- In this randomized trial, patients who reviewed a decision aid prior to the hand surgeon appointment rather than a brochure had significantly less decision conflict at the end of the visit
- Patients expressed mild to moderate decision regret after their initial visit regardless of group assignment
- The use of the decision aid did not prolong consultation time or reduce patient satisfaction with the office visit
Decision aids differ from publicly disseminated information about a medical condition. They are specifically designed to increase a patient's participation in the decision-making process and to reduce decision conflict. According to previous research, decision conflict is associated with greater insecurity, delays in decision-making and lower confidence in the ultimate decision.
Patients with trapeziometacarpal (TMC) arthritis have five basic treatment choices:
- Observation and adaption
- Pain medication
It can be confusing to a patient which treatment is the best option. Considering the recent emphasis on shared decision-making, it is worth investigating whether decision aids can reduce patients' uncertainty about which option to choose.
Interim Chief of the Hand & Arm Center, Neal C. Chen, MD, and colleagues at Massachusetts General Hospital have developed a web-based, interactive decision aid for TMC arthritis that patients complete in the office waiting room. In a randomized, controlled trial, they found that patients who reviewed the decision aid had less decisional conflict at the end of the visit than patients who read a brochure.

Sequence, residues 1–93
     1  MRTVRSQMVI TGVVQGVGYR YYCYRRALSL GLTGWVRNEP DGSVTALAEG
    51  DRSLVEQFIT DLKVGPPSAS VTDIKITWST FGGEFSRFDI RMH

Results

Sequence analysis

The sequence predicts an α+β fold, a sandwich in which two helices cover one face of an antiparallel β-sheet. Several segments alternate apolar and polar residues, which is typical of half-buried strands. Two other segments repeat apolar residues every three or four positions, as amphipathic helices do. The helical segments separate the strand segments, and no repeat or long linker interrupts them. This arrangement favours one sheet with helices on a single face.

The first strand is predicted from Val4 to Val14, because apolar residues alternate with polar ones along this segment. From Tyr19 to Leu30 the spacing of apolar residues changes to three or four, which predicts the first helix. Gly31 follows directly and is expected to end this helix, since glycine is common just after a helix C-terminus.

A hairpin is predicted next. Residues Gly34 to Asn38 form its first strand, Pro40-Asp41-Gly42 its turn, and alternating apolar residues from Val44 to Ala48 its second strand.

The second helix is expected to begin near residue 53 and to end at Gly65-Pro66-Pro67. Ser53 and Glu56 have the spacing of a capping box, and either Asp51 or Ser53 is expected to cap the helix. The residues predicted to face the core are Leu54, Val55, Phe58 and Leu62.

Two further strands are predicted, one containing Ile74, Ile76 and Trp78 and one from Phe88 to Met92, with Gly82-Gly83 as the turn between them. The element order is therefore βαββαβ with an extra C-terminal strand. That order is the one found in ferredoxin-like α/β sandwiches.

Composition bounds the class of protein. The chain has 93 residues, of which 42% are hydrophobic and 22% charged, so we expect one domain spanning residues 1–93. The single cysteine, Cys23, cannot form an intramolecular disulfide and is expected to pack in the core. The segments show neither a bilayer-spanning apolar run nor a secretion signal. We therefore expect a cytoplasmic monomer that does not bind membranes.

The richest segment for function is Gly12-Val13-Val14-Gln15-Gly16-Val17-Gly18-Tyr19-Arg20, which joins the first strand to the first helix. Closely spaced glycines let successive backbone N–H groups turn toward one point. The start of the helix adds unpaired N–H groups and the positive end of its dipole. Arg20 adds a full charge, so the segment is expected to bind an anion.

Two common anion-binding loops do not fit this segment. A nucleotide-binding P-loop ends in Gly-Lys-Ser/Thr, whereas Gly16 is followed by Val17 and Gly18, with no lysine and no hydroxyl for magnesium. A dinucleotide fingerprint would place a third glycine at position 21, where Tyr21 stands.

The decision aid provides an overview of TMC arthritis and its most common treatment options, emphasizing their advantages and disadvantages. It provides probabilities of various outcomes while acknowledging areas of uncertainty. A short quiz addresses common misconceptions. The aid also includes a slider instrument that helps patients clarify their values. It takes about 15 to 20 minutes to complete.
Study participants included 102 adults who were seeing a hand surgeon for the first time to discuss TMC arthritis between June 2016 and May 2017. They were randomly assigned to usual care (reading a brochure prepared by the American Society for Surgery of the Hand) or to use the decision aid. Twelve patients were later excluded because the surgeon made a diagnosis other than TMC arthritis. Follow-up questionnaires were sent by email at six weeks and six months.
The primary outcome measure was the Decisional Conflict Scale (DCS), which measures patients' perception of uncertainty in making health-related decisions. The total score ranges from 0 (no conflict) to 100. Compared with the usual care group, patients who reviewed the decision aid prior to visiting their surgeon reported significantly less decision conflict at the end of the visit. The DCS scores were 17 and 9.3, respectively (95% CI, −13 to −2.6; = .004).
Both groups experienced mild to moderate decision regret, which was measured immediately after the visit on a standardized scale. The use of the decision aid did not influence consultation time, satisfaction with the visit or perceived physician empathy.
Six patients chose surgery at the initial visit, and five chose surgery within six months for a total of 13%. Of the patients who initially chose nonsurgical treatment, typically an orthosis, most stayed with their initial decision (97% at six weeks and 91% at six months). With regard to satisfaction with treatment, there was no significant difference between the surgery and nonsurgery groups at six weeks or six months.
The researchers emphasize that because they evaluated first-time consultations, most patients had not had prior treatment. Most surgeons generally offer nonsurgical treatment to such patients, they say, but of the six surgeons participating in this study, two never specifically offer surgery for TMC arthritis at the first visit, whereas two routinely offer surgery upfront. Thus, the findings may not be generalizable to other practice situations.
That situation illustrates one of the most important goals of a decision aid: to make sure treatment decisions reflect patient values and are not based on the preferences, incentives or biases of the surgeon.
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